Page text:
The Secret

Books don’t usually make me angry.

At times happy, at times sad. But it’s quite rare for me to flick through a book and be left with a feeling that I’d actually like to beat the author to death with a copy of it. Not to overreact or anything.

I picked up a copy of The Secret the other day. I have heard a lot about it and knew vaguely that it was about how thinking positively can improve your daily life. That’s a concept I’m on board with. I believe that the more positive energy you throw out in the world the more you get back. That’s why I tell people ‘Have a good day’ as often as I can. More often than not they say it back and you both feel a little happier after the interaction.

Further, you’re more likely to get help from your neighbours/ colleagues/ family/ friends if you are perceived as a happy, well balanced and friendly person than if you come across negatively. You might be thinking, ‘this is all a bit obvious Katie, you’re just stating truisms’. Right. I just want people to be aware that I’m not completely opposed to the idea of positive thinking before I start ranting.

The book

The concept of the book is that the Universe will provide anything you need for you as long as you think positively and believe it. Every single thing that has ever happened to you has happened because of the way you thought about it and the ‘frequency’ you were emitting. The secret is the Law of Attraction and you attract whatever thoughts you’re sending out into the universe.

What really annoys me about this book is that it attempts to sway vulnerable people into believing that they can ‘manifest’ things like a rabbit from a magicians hat by obscurely quoting quantum physicists and using out-of-context quotes from people like Einstein to back up their spurious claims.

Some excerpts:

On ‘The Secret’

P. 27, Dr.Joe Vitale “Everything that surrounds you in your life, including the things you’re complaining about, you’ve attracted”… You’re going to immediately say ‘I didn’t attract that car accident. I didn’t attract this particular client who gives me a hard time. I didn’t particlularly attract the debt.’ And I’m here to be a little bit in your face and say yes, yes you did attract it”

The good doctor goes on to explain that this applies in all cases, including where masses of people have died, because they were on the same ‘frequency’ as the event in their minds. As the doctor says the law applies 100% of the time, we can surmise that rape victims ‘attracted’ their rapists, 9/11 victims ‘attracted’ planes into the world trade centre and this ‘law’ also applies to health so cancer patients, stroke victims etc ‘attracted the illness into their lives.

I find this concept, which is repeated throughout the book by various doctors and believers, to be utterly offensive.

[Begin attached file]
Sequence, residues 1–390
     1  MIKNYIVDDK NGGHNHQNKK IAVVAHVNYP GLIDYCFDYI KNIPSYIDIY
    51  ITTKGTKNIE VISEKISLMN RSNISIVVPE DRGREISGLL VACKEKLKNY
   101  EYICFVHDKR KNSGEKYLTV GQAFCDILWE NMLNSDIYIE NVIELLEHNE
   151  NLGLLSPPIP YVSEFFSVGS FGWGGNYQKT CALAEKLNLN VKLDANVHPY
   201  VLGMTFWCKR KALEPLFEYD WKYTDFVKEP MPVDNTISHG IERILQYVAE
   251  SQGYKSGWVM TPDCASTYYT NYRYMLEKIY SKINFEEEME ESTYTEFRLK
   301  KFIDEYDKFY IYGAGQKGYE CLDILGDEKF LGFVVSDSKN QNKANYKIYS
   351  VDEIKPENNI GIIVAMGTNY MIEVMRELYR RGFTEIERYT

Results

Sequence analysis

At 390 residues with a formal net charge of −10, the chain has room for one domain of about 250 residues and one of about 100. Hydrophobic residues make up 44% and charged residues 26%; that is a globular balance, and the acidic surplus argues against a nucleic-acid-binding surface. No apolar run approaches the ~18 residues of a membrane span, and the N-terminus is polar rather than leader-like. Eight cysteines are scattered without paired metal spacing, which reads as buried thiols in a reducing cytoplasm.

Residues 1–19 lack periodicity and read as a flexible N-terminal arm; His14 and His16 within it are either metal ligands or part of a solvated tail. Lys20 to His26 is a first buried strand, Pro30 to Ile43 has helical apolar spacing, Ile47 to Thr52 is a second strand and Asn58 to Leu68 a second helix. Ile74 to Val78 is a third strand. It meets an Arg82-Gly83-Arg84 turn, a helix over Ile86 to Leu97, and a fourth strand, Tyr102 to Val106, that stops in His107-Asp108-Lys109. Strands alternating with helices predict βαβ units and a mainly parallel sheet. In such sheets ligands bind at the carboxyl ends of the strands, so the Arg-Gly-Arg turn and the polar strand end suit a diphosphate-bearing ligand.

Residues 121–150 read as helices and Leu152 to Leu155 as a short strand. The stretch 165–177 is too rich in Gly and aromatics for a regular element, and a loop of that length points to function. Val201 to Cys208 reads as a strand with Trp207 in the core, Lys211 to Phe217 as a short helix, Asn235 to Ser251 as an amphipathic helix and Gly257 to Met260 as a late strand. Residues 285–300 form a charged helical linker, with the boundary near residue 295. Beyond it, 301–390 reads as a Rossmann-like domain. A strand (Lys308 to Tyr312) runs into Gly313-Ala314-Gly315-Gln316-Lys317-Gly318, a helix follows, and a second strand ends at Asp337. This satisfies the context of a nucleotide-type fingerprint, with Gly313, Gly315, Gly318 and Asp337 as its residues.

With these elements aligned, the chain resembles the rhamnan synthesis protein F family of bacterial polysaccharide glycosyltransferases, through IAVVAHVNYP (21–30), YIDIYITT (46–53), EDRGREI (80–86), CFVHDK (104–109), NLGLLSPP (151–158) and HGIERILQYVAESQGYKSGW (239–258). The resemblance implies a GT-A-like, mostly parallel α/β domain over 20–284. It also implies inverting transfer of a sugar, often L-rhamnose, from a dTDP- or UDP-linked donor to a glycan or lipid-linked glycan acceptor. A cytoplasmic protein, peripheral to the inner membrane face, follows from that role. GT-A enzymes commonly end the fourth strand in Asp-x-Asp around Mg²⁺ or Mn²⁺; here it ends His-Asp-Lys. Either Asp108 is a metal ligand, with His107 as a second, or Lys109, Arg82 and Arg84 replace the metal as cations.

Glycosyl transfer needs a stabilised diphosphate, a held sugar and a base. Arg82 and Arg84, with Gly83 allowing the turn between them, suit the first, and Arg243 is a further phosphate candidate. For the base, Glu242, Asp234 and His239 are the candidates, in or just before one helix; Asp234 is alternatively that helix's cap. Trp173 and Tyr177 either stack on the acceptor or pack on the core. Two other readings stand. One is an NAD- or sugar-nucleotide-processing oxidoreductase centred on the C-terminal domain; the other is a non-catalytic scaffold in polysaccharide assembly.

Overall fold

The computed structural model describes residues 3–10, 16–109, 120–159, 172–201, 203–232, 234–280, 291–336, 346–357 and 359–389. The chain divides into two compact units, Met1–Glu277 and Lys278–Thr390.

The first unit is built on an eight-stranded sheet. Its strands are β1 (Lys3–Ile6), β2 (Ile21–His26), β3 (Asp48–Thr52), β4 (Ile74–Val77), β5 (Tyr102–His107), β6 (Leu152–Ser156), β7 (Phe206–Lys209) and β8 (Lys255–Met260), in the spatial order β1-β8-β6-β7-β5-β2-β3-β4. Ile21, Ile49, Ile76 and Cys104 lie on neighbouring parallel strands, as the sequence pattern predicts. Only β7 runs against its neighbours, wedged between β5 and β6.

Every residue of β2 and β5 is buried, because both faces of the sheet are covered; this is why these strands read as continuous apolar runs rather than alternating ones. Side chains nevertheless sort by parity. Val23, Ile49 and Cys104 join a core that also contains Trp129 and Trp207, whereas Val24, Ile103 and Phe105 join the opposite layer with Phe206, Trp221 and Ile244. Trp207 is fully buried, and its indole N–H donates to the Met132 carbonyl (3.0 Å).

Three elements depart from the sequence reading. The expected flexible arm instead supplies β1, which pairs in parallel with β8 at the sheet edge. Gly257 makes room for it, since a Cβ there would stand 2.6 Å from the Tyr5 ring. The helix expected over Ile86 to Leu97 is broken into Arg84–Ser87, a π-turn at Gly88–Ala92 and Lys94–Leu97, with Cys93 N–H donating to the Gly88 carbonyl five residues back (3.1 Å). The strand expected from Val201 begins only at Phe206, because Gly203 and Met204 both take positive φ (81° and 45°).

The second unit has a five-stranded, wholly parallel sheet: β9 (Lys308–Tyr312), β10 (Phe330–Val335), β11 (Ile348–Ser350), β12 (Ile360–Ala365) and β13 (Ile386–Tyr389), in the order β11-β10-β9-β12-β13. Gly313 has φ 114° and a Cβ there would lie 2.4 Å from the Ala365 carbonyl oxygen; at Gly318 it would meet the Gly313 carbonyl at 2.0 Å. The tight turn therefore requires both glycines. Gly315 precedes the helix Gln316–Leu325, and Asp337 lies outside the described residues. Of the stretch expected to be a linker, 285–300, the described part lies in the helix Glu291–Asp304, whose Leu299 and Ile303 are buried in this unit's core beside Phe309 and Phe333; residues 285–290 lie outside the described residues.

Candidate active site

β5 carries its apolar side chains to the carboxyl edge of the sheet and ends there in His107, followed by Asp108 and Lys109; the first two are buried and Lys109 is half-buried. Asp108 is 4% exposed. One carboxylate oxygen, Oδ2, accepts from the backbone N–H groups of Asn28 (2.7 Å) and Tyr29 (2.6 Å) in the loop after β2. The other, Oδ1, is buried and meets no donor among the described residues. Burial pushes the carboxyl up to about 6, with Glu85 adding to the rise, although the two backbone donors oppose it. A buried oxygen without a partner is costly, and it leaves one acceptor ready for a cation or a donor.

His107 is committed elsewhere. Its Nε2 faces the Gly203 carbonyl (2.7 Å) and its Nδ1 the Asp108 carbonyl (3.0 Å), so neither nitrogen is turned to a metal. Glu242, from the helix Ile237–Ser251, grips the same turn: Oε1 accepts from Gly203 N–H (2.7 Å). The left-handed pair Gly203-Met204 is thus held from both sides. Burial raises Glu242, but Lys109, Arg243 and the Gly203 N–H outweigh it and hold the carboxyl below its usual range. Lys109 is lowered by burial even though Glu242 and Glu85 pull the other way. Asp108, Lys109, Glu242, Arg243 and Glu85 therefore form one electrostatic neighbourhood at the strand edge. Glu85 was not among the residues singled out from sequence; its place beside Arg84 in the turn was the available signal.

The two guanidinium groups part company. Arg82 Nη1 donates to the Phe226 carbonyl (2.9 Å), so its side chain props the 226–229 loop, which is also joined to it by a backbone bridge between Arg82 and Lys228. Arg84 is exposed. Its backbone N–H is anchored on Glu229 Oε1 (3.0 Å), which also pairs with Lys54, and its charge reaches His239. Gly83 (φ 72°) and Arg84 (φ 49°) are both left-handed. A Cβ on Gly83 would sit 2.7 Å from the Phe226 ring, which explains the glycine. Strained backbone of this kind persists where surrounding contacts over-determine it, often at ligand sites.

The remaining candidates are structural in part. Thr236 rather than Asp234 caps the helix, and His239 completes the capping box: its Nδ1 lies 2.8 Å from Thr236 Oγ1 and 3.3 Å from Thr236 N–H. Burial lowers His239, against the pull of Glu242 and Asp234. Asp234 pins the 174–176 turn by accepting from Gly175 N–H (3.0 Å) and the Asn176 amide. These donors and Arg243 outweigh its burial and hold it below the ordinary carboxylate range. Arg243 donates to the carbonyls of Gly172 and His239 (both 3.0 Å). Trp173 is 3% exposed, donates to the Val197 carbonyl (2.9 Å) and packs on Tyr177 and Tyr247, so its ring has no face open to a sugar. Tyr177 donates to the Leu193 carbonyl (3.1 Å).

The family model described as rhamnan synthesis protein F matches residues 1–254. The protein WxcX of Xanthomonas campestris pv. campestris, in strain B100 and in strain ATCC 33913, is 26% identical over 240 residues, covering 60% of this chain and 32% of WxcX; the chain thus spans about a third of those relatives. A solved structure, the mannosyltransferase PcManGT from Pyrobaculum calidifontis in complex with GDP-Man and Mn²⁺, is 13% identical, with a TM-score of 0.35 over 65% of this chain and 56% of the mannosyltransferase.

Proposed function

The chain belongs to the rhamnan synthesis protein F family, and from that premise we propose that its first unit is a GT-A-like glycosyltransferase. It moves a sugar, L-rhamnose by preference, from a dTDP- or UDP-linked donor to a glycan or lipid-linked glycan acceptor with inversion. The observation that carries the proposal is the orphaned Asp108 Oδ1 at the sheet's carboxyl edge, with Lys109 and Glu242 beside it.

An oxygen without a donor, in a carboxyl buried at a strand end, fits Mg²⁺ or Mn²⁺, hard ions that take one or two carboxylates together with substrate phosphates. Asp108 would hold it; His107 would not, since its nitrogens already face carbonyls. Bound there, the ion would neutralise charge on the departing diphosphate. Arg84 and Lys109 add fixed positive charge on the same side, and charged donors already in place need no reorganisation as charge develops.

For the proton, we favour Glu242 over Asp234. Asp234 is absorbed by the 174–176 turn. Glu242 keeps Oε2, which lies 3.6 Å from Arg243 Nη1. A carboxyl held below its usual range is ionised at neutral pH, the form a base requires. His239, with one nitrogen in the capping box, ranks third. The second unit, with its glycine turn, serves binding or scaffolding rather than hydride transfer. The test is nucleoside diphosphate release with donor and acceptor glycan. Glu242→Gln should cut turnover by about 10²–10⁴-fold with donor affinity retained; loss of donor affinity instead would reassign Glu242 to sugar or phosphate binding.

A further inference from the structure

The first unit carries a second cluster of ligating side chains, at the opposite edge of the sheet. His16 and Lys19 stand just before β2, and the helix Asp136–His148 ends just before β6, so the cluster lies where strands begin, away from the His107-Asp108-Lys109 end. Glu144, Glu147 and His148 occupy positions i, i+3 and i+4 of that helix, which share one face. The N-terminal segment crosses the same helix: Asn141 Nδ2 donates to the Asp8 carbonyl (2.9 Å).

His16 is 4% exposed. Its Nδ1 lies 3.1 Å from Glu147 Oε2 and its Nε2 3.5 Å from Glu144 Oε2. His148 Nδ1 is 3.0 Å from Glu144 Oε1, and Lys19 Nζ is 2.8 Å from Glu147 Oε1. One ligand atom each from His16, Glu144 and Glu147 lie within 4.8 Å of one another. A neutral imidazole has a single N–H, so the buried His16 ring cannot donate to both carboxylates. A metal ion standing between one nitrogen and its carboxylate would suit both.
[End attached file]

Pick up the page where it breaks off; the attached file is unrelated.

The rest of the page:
On attracting abundance:

P.99 Rhonda Byrne “The only reason any person does not have enough money is because they are blocking money from coming to them with their thoughts… All the money you require exists right now in the invisible. If you do not have enough, it is because you are stopping the flow of money coming to you.”

The chapter goes on to explain that if you start visualising cheques coming in the mail instead of bills it will happen. You just have to really believe in the Universe.

If only children across the Developing World knew the secret. If only they knew if they would quit whining about being starving and focus on abundance, money, food and clean water would be theirs. Or does ‘the Secret’ not apply to the Developing World. How elitist of it.

As if to prove a point, p 107-108 states “the wealthiest people on the planet are the greatest philanthropists. They give away vast amounts of money, and as they give, by the law of attraction, the Universe opens up and floods vast amounts of money back to them – multiplied”

I’m pretty sure that’s not how it works. Philanthropists like Bill Gates give away significant amounts, but tiny in the context of what he earns. The money that floods to him is not the Universe’s reward to him, it’s the result of building one of the most successful countries in the world.

On health

P 128, Michael Bernard Beckwith “The question frequently asked is, “When a person has manifested a disease in the body temple or some kind of discomfort in their life, can it be turned around through the power of ‘right’ thinking? And the answer is absolutely, yes.”

Again, this makes me angry. Firstly the idea that the disease you have is nothing to do with genetics, your surroundings or just plain bad luck – you manifested it yourself through thinking ‘wrong’. Secondly, the idea that any and all diseases, aches and pains can be cured by the power of positive thinking – backed up by a succession of reader stories that claim it to be true. It’s just not fair to sell this idea that you can cure yourself of anything by thinking about it a different way. Many readers will be vulnerable people who will grab any kind of hope they can – and Rhonda Byrne and her contributors are taking advantage of that.

The book also says you can consume as many calories as you want and not do exercise and you will stay skinny as long as you keep picturing yourself your perfect size…. I wish!

I realise most people will say ‘It’s so obviously ridiculous Katie, that you shouldn’t even get worked up over it’, but people do believe it. People change their lives and make huge, irreversible decisions based on this absolute nonsense!

I could rant about this all day, I’ll leave it there for now.

  1. ldsrr91 says:

    I read it and came away with the same feelings or concerns as you. Wish in one hand … And spit in the other … See which one the “universe” fills up first.


    • Katie says:

      Oh but that’s the whole point, playing on people’s wishes, hopes and dreams. It should be called ‘The Secret to Making Millions from the Vulnerable’

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